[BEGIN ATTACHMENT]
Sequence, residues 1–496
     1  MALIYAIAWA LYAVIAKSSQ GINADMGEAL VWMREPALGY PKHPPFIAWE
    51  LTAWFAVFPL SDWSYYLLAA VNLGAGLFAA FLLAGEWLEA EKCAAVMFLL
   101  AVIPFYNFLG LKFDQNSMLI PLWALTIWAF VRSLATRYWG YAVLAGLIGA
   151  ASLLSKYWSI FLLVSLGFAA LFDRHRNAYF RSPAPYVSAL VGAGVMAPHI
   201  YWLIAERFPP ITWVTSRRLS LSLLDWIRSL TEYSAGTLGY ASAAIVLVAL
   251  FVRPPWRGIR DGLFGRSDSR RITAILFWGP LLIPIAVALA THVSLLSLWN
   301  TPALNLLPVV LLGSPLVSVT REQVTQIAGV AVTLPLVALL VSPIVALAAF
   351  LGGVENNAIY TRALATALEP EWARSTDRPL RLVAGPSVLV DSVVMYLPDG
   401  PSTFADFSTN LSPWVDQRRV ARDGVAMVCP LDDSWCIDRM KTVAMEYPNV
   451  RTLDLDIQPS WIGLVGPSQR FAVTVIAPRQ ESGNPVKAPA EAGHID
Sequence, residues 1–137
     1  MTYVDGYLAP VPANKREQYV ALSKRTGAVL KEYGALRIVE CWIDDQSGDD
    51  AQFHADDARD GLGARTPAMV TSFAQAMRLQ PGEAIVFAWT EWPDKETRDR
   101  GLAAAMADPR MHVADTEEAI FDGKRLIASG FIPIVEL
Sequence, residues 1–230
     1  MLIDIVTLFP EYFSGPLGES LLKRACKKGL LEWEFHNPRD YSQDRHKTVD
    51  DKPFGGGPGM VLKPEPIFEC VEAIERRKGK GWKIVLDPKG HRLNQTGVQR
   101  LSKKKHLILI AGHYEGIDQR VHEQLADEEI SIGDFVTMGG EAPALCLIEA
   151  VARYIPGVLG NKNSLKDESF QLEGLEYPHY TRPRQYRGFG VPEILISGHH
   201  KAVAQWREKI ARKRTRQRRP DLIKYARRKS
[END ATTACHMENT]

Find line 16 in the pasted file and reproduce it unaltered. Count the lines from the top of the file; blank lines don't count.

Sequence, residues 1–230